Senior officials in Spain have believed that some areas will have no option but to turn to the central government for bailouts.
The Spanish government is expecting to take direct financial control of at least one of the country’s ailing regional governments by May, according to sources in Madrid.
With some regional debt already downgraded to junk, senior officials said it would be the regional governments themselves that would come to Madrid to beg for help to get through the year.
“It wouldn’t be surprising if this happened in May,” said a high-ranking official. “Some are paying interest rates that are impossible.”
International lenders are expected to welcome the plans after the warnings about the deteriorating state of the Spanish economy. Government borrowing costs jumped above 6% on Monday this week as foreign investors expressed growing fears over Mariano Rajoy’s administration and the prospect of a major default.
The rate, or yield, on the country’s 10-year government bonds hit 6.1%, the highest since December. Spain’s Ibex 35 share index fell to 7 245, down from February’s 2012 high of 8 902.
Lyn Graham-Taylor, a Rabobank strategist, said: “We’re back in full crisis mode. It is looking more and more likely that Spain is going to have some form of a bailout.”
Worries about Spanish bank loans to the beleaguered construction sector, bankrupt property developers and €50-billion of outstanding debts in Portugal have unnerved investors.
Markets are almost shut to some of Spain’s 17 regions, so their best hope of financing deficit spending and rolling over debt is Rajoy’s administration, which has passed tough new laws giving it the right to intervene in the regional governments.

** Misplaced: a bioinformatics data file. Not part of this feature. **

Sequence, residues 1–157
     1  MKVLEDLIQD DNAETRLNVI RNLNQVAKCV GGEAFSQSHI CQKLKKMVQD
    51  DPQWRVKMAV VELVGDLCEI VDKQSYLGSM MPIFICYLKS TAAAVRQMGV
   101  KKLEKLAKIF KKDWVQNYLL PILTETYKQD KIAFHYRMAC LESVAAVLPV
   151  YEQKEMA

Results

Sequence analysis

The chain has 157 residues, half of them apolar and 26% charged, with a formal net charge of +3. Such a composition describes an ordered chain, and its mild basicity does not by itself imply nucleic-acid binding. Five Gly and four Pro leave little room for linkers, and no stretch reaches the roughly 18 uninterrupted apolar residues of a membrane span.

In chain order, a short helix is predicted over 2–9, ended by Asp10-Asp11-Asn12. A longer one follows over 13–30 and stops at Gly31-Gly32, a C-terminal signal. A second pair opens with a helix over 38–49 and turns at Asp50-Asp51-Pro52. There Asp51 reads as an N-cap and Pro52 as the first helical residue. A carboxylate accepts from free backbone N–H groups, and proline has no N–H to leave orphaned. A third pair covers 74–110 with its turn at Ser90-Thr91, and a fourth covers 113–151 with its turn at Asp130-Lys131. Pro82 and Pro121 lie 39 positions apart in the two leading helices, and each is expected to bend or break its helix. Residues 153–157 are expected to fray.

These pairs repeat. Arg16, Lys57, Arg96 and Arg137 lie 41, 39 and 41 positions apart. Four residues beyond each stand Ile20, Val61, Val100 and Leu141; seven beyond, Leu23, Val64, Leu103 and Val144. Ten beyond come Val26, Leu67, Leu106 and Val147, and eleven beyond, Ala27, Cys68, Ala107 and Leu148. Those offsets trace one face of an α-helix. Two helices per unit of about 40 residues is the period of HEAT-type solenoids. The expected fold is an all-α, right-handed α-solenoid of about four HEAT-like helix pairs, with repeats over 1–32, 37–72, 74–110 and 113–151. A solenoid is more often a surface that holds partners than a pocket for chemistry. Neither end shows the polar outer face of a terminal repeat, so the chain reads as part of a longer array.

Government sources said the new law meant the regions, which controlled 37% of Spain’s public spending, could be forced to impose greater austerity to meet the deficit targets they missed so spectacularly in 2011.
The regions, which run health, education and other essential services, were largely responsible for Spain’s failure to bring its deficit under control last year, leaving investors and other eurozone countries worried that they had become untameable.
Rajoy may find himself in the politically embarrassing position of having to intervene in regions run by his own conservative People’s Party. The eastern Valencia region has had its debt downgraded to junk status and central Castile-La Mancha must find a way to cut its deficit from 7.3% of regional gross domestic product to the government’s 1.5% target this year.
Other potential targets include the country’s largest region, southern Andalusia, where the caretaker socialist administration was accused by officials in Madrid of hiding debt.
Local officials have vigorously denied the claim and invited European Union inspectors to scrutinise the accounts.
A new Andalusian government, led by the socialists and backed by the communist-led United Left Party, is expected to be formed soon following last month’s regional elections. Government sources said any attempt at rebellion by Andalusia against the strict 1.5% deficit target would be met with intervention.
Sources said the government was willing to share the political unpopularity of higher regional taxes or cuts in health and education.
During the next fortnight, the government will pass measures allowing the regions to adjust their spending, mainly with cuts, on health and education by €10-billion a year. Regional government budgets must be approved by next month.
Fellow eurozone countries have told Spain, which is now seen as the greatest threat to the common currency, to slash its deficit from 8.5% to 5.3% this year. Spain’s finance minister, Luis de Guindos, said this week that the country had entered recession in the first quarter.—